Access to health in the developped and developing world

Exclusively written for the Sting by Mr Aluko Oluzabusayo Daniel, student of medicine and surgery at Lagos University Teaching Hospital in Nigeria. Mr Aluko is affiliated to the International Federation of Medical Students Association (IFMSA).

Profile picture of ALUKO OLUWABUSAYO DANIEL

Mr Aluko Oluzabusayo Daniel is student of medicine and surgery at Lagos University Teaching Hospital in Nigeria.

The idea that complete access to optimum health care is reserved only for the financially stable in the society or that inequality in health care access should exist for various social reasons first of all should not harmonize with our thoughts and policies against that should be formulated and implemented globally. To think that the only means by which people will be get access to adequate health care is determined by their income, education, ethnicity, occupation or place of residence is absurd and should not stand in our world today. This is because the highest attainable standard of health is a fundamental right of any human being (including refugees and internally displaced persons) wherever they may find themselves.

Economical stability as a result of technological advancement, level of industrialisation, widespread infrastructure, per capita income and general standard of living makes it obvious as to who is getting more affordable access to health care and where. In the United States, only 5.3% of persons failed to obtain needed medical care due to costs in the past year. This is a stat the government is still trying to improve by formulating and implementing key programs like the “Patient Protection and Affordable Care Act” to give Americans access to affordable and quality healthcare and insurance. However, a program like the National Health Insurance Scheme (NHIS) introduced in Nigeria since its inception has enrolled only 5% of the working population. The NHIS was introduced to warrant accessibility to healthcare for Nigerians.

Questions should be asked. Questions like why governments of most developing nations pay little attention to the healthcare sector which is evident in their budget allocation, how we could increase and measure access to safe, effective healthcare and reduce disparities in health care access for diverse populations (including racial and ethnic minorities as well as older adults) and how we could improve access to palliative and emergency healthcare services.

You see, the issue with healthcare in most developed nations is inequality in access, as it appears that a non citizen or basically someone who is not under a particular scheme isn’t given equal or affordable healthcare services like General Practitioner consultations.  However, in most developing nations, the issues are so diverse that they are bordered by so many topic barriers.

Availability of health care and the financial ability of people to access the good quality available care are usually directly proportional.  Firstly, if healthcare services are sufficiently available for use, then the opportunity to procure healthcare services exists right? Obviously! However, in a situation when there’s no availability in the first place or the services are scarce due to ineptitude on the side of the suppliers, situations affected by the topic of burden won’t be helped. Also, there are over 400 million people in the developing world without the financial access to basic healthcare. This is a real problem and measures should be taken by their governments to deliver health insurance to them as well as increase the affordability of these services.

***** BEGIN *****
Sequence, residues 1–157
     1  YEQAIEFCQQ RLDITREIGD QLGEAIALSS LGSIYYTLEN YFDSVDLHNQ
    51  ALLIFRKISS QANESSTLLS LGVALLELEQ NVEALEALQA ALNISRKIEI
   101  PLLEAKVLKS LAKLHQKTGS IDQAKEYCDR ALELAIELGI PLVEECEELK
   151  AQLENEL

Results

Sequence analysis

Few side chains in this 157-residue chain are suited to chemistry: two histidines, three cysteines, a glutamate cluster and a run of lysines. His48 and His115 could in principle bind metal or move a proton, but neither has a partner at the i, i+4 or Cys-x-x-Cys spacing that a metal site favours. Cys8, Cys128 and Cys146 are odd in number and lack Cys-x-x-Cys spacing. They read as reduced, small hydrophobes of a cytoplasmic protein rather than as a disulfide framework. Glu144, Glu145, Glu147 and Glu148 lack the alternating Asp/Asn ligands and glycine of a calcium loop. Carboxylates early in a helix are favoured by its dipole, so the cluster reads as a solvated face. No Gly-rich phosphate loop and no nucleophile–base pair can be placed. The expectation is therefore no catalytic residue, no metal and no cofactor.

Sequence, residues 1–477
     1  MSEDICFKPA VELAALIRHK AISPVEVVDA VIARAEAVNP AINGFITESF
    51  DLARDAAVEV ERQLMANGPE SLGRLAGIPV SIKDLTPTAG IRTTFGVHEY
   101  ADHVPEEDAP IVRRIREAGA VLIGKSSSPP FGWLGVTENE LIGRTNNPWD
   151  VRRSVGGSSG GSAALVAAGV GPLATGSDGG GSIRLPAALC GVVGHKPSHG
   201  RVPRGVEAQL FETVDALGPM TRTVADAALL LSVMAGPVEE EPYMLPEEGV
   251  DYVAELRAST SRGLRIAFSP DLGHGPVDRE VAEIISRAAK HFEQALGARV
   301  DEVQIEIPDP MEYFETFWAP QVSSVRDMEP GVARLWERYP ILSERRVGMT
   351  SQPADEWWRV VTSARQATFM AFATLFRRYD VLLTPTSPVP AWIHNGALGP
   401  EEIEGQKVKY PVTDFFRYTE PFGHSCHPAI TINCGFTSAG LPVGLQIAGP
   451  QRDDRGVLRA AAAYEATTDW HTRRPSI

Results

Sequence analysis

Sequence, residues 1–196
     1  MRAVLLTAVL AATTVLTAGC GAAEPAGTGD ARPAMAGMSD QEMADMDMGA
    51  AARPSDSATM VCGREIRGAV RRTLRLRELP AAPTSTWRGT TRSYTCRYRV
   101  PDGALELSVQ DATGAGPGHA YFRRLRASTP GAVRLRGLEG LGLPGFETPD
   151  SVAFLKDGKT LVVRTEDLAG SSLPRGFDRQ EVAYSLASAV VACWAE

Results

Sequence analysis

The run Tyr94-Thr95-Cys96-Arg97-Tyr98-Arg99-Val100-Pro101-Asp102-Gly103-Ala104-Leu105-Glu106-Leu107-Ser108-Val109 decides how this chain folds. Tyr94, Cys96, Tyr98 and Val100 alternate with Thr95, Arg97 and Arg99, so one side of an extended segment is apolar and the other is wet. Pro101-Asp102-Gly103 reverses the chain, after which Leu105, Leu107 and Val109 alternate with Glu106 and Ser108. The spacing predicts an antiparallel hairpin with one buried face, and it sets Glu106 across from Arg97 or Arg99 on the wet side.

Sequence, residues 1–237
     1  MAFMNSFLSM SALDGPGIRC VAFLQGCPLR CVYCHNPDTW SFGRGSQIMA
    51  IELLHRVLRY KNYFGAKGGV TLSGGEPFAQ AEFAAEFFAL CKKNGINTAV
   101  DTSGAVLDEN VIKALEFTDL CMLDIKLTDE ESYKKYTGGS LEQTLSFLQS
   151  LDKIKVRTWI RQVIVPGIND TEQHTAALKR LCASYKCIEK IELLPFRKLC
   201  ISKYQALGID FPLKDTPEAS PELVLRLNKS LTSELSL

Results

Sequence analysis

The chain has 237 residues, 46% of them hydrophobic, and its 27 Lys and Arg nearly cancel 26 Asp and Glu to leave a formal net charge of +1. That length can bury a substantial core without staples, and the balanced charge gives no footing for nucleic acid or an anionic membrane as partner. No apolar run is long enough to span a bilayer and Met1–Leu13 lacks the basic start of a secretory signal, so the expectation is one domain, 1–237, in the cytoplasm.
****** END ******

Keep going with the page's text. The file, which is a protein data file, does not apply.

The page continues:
Also, there seems to be a dearth of the availability of the healthcare workforce in the developing world and most especially in primary health care. This shouldn’t be surprising because people trained there just tend to look for places where they can be better appreciated for the services they can offer. Well, you can call that “Brain Drain”. Imagine a government that refuses to pay the salaries of its doctors, and when they complain by taking part in an industrial legal action, decides to lay them off! Primary health care on the other hand is so important that it’s regarded as the first point of contact of individuals to healthcare and shouldn’t be taken for granted. The primary health care is known for its role in limiting the spread of communicable diseases and spread of health education in the developing world especially. Therefore, encouragement of medical graduates and exclusive training of individuals as health extension workers to work at this level should be heavily funded by governments. Current efforts to revitalise primary health care worldwide should go concurrently with attention paid to the social determinants of health.

Without going much deeper, technology has been a neglected factor in the developing world unlike the developed world. What technology does makes it easier for patients to get access to the information they really need as regarding to their health, helps strengthen communication between doctors and patients thereby helping them stay healthy. This is also a form of health care access and should be explored from all angles. Furthermore, laboratory and clinical investigations would be done with ease in these regions if only modern medical facilities like the electrocardiogram (ECG), Magnet Resonance Imaging (MRI) machines, Computed Tomography Scanning and so on were available as well as uninterrupted power supply to make them work because modern medicine relies on the clinical laboratory as a key component of health care.

“Now our job, our duty, our responsibility to ensure the safety and security of our citizens cannot be complete unless we guarantee health care security for all” Thomas Vilsack

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